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3 More Prominent Republicans Say They Cannot Endorse Donald Trump

Republican presidential candidate Donald Trump speaks during a campaign rally at The Fox Theatre this week in Atlanta.

As the general election shifts into high gear, a pair of Republican governors and a 15-term representative this week voiced their frustrations with the party's presumptive presidential nominee and have decided they cannot get onboard the Trump train.

Fred Upton, R-Mich., joins Maryland Gov. Larry Hogan and also Ohio Gov. John Kasich, who ran for president against Donald Trump.

This pushback comes as the presumptive Republican nominee marks the one-year anniversary of the start of his remarkable and unconventional candidacy, and as the GOP is at yet another crossroads as to how to maintain party unity with him at the top of the ticket. Meanwhile, presumptive Democratic nominee Hillary Clinton is launching an eight-figure, multi-battleground state campaign ad blitz.

On Thursday The Detroit News reported that Upton had said he was going to "stay in my lane," adding that neither Trump nor Clinton should expect his support.

" 'There's a lot of things that folks are not happy about with either of these two candidates,' he said. 'We're running our own race, and don't look for me to endorse anyone in this race probably the rest of the year.'

"Upton, who has served in Congress since 1987, joins other Michigan GOP U.S. Reps. Justin Amash of Cascade Falls, Bill Huizenga of Zeeland and John Moolenaar of Midland in not endorsing Trump."

Hogan doubled down on earlier claims that he will not support Trump in the fall. He had supported New Jersey Gov. Chris Christie's presidential bid but has resisted following Christie's lead to embrace Trump.

Hogan told reporters Wednesday not only will he not endorse Trump but he does not plan to vote for him either. Asked whom he would vote for, Hogan told the Washington Post, " 'I guess when I get behind the curtain I'll have to figure it out. Maybe write someone in. I'm not sure.' "

Kasich also expressed his unease with Trump at the top of the GOP ticket. But he did leave the door open to supporting him down the line.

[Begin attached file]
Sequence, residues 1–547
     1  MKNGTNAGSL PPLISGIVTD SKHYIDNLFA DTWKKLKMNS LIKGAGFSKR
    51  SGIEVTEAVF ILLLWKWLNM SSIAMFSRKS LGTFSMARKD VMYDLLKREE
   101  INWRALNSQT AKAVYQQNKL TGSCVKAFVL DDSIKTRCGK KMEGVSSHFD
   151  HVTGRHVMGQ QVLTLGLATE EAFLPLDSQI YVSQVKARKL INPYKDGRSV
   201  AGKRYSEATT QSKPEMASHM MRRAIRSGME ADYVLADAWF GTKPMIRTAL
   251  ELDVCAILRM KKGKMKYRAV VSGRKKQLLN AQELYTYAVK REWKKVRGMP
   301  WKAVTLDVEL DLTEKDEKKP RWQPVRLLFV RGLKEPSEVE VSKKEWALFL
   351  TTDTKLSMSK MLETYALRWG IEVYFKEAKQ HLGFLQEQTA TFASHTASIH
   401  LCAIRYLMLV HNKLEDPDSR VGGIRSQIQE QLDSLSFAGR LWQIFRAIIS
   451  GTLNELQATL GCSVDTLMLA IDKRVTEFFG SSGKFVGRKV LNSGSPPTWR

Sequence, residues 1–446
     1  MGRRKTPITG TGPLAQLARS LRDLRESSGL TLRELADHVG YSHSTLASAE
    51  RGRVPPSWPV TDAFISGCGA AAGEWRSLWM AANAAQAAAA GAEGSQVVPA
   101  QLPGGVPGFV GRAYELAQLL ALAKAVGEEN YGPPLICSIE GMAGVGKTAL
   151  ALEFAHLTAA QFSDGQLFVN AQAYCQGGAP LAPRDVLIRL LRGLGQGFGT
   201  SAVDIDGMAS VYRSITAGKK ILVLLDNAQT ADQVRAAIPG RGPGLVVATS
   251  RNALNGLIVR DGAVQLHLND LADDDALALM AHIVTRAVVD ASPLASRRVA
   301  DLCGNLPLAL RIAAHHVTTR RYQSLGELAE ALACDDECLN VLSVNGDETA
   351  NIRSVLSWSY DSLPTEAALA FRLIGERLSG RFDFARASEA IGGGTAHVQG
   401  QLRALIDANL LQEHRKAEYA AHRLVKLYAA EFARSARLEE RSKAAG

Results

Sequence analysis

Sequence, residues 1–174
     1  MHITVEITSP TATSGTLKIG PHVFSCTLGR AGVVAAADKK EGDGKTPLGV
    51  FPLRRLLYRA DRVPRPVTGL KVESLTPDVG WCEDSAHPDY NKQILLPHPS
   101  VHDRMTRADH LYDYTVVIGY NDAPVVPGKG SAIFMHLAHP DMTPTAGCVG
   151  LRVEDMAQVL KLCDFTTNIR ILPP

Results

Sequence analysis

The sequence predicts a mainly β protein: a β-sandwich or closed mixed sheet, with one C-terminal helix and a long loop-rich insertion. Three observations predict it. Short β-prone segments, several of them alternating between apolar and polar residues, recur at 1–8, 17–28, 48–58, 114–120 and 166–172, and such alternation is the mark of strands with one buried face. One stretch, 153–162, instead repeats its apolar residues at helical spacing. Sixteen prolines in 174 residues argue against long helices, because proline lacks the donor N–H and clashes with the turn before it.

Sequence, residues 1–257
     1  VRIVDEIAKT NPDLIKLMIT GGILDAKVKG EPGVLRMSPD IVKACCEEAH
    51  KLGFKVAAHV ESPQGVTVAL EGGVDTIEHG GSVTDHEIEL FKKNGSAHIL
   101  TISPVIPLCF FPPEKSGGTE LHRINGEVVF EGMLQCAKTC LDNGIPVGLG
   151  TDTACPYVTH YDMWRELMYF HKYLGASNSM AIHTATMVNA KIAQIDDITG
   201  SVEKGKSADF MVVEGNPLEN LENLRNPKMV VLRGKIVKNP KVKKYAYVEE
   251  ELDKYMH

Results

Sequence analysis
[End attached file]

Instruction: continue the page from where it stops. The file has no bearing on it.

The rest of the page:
In an interview with MSNBC, Kasich was pressed about the pledge he signed stating that he would support the eventual Republican nominee.

" 'Yeah yeah yeah, you know it's painful. It's painful. People even get divorces, sometimes things come about that. ... Look I'm sorry that this has happened. We'll see where it ends up. I'm not making any final decision yet, but at this point, I just can't do it.' "

Kasich, Hogan and Upton join a growing caucus of elected Republican officials who are declining to endorse Trump or at the very least trying to distance themselves from their party's likely nominee. Their actions also underscore the challenge Trump faces in unifying the party.

Trump did get tepid support from South Carolina Sen. Lindsey Graham for his plan to meet with the National Rifle Association to talk about banning people on the no-fly list from buying guns.

"I think he's [going] to the middle on something that's very important," Graham told Fox & Friends.

But it was far from an endorsement — Graham also exited the presidential race and has been harshly critical of Trump.

Since he wrapped up the GOP nomination last month, Trump has done little to allay concerns by many Republicans troubled by his tone.

In the weeks since clinching the 1,237 delegates needed to make him the presumptive nominee, Trump has insulted New Mexico's Susana Martinez, a rising star in the Republican Party and the nation's only Latina governor. He has attacked the federal judge overseeing his Trump University case for his "Mexican heritage" (the judge, Gonzalo Curiel, was born in Indiana). And following the Orlando nightclub massacre over the weekend, he once again called for a ban on Muslims entering the United States, which several Republican leaders have said they don't condone.

Concerns about tone and policy aside, Trump is also raising eyebrows about the direction his campaign is taking. He has spent valuable time campaigning in deeply Republican states like Texas and Georgia this week that are very likely not going to be competitive for him in the fall.

Meanwhile, Clinton spent time this week in Pennsylvania and Virginia — both of which are considered tossups in the general election.

Her campaign has also launched a campaign ad offensive in eight battleground states: Ohio, Nevada, Florida, Colorado, Iowa, New Hampshire, North Carolina and Virginia.

The ads highlight Clinton's work helping children and paint Trump as being an out-of-touch, divisive figure not capable of unifying the country.

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